An artist created terrifying travel posters of national parks after they've been destroyed

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the new deal created agencies designed to put people to work on public projects during and after the great depression

There's something inherently eye catching about a vintage travel posters.

During the 1940s, the Works Progress Administration - the New Deal agency that put Americans to work on infrastructure projects - created a series of advertisements for the country's national parks . The posters showcase the beauty and diversity of the US landscape, and urge Americans to visit the parks and preserve the wildlife therein.

But pollution, human interference, and climate change have since put unprecedented levels of stress on many ecosystems, and the Trump administration is reviewing rules that prohibit drilling and mining on public lands. If overturned, that may put many national parks at risk of degradation, according to Vox.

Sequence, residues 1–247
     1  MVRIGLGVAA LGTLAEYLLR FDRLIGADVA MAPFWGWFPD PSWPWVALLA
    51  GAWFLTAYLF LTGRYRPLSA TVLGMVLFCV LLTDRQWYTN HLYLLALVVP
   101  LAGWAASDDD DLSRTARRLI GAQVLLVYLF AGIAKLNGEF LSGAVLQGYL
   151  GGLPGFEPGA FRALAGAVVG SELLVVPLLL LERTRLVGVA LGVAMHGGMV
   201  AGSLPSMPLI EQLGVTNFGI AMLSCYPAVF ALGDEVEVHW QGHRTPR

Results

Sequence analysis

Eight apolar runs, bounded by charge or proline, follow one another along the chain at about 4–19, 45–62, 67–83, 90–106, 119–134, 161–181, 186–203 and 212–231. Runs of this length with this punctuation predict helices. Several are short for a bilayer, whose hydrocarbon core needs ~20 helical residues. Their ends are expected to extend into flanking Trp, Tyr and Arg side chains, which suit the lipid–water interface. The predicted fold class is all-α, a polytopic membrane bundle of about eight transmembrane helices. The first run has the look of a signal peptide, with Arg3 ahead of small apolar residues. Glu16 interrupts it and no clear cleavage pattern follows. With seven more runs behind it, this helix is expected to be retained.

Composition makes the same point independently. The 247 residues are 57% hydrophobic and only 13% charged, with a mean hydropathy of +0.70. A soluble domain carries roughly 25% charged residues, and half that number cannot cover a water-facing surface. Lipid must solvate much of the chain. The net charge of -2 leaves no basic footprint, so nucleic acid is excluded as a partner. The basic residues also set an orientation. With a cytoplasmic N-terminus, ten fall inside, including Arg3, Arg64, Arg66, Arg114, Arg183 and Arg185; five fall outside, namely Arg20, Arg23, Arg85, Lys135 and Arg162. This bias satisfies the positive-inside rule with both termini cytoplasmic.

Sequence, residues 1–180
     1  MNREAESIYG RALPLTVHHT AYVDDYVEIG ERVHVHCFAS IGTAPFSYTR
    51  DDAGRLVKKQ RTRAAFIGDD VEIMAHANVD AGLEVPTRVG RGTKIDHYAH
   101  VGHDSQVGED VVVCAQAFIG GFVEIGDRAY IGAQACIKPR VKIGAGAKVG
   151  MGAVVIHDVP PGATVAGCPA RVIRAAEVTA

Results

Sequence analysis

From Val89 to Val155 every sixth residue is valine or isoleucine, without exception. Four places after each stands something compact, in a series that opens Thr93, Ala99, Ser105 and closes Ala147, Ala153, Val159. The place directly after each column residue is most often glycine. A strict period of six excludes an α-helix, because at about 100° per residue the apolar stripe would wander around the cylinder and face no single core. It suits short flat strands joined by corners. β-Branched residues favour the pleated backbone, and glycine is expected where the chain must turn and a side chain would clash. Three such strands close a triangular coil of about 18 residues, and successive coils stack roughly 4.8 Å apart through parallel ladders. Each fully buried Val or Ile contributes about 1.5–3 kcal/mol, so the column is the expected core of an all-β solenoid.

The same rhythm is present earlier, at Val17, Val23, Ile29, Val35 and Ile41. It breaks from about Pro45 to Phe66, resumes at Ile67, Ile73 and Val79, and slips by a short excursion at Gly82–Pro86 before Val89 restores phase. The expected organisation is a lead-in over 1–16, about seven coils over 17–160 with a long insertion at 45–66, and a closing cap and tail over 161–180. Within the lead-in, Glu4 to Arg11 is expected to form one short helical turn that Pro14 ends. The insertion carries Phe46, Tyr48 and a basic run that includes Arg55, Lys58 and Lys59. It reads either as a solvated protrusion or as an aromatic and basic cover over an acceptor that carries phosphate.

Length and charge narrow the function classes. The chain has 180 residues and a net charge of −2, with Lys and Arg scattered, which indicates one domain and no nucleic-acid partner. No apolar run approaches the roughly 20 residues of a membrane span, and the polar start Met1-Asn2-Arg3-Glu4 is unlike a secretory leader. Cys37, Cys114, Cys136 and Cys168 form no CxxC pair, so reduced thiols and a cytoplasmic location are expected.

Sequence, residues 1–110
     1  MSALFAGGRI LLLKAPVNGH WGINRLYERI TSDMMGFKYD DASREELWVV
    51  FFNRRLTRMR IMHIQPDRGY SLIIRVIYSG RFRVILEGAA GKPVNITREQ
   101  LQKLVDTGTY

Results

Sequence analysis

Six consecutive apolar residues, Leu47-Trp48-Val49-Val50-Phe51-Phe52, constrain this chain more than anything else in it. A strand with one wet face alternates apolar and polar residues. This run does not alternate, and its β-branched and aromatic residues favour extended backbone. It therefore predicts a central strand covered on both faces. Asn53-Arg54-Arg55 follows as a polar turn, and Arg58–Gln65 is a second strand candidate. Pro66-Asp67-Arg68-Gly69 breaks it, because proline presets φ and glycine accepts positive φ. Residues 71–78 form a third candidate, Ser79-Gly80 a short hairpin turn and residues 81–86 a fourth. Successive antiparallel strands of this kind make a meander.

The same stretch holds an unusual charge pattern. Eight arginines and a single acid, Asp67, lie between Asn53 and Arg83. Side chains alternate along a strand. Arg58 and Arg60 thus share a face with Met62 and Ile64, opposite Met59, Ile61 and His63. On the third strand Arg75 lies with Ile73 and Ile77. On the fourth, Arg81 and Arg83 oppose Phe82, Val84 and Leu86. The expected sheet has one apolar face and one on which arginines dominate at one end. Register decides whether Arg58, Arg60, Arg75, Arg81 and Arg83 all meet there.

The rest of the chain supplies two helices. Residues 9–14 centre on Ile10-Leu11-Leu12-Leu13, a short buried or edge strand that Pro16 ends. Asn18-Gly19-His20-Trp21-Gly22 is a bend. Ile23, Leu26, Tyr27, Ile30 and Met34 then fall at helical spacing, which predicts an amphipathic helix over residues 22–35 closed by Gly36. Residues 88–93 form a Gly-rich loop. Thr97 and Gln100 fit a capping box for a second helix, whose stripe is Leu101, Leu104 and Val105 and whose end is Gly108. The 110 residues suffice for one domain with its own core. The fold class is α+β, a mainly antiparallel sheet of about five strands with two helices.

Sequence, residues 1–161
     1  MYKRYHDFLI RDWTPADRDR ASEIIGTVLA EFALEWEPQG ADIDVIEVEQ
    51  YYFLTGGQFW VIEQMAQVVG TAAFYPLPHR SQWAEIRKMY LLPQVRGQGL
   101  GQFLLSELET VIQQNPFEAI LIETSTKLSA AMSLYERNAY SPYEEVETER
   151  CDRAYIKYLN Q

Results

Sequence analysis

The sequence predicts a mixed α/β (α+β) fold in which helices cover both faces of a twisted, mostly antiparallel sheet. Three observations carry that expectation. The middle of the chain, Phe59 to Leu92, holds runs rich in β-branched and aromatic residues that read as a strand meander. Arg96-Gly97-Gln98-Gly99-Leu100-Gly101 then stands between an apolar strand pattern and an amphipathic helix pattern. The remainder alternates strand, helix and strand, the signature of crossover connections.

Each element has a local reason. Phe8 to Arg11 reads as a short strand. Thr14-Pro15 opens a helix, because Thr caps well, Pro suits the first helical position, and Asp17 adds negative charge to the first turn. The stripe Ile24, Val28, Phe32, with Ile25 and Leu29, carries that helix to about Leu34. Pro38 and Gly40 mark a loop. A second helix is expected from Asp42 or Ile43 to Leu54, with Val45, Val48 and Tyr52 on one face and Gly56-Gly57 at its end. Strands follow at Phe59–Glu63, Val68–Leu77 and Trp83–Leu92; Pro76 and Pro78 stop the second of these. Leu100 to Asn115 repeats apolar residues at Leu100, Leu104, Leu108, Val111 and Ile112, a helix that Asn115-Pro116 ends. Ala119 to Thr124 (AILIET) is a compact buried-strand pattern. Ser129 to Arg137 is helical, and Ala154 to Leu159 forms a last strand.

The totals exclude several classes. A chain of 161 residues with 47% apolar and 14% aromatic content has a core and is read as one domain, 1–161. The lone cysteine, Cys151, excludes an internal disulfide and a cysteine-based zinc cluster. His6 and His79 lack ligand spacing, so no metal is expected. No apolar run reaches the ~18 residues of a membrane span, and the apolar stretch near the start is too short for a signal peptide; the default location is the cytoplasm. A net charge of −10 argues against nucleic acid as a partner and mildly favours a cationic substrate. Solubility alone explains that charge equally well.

With those threats in mind, artist Hannah Rothstein created new posters based on the WPA's old-school aesthetic. In her re-imagining, our parks have been wrecked. The forests of the Great Smoky Mountains are on fire, and instead of the "nature walks, all day hikes, and lectures" advertised on the original poster, Rothstein's remake boasts "extreme weather events, species die-off, and wildfires."

Rothstein created the project, called "National Parks 2050", as a way to make the risks of climate change seem more immediate. She is selling the posters and donating 25% of the proceeds to climate-related causes.

Check out some of the dystopian artworks below, alongside the original versions they're based on. You can view the full collection on Rothstein's website .

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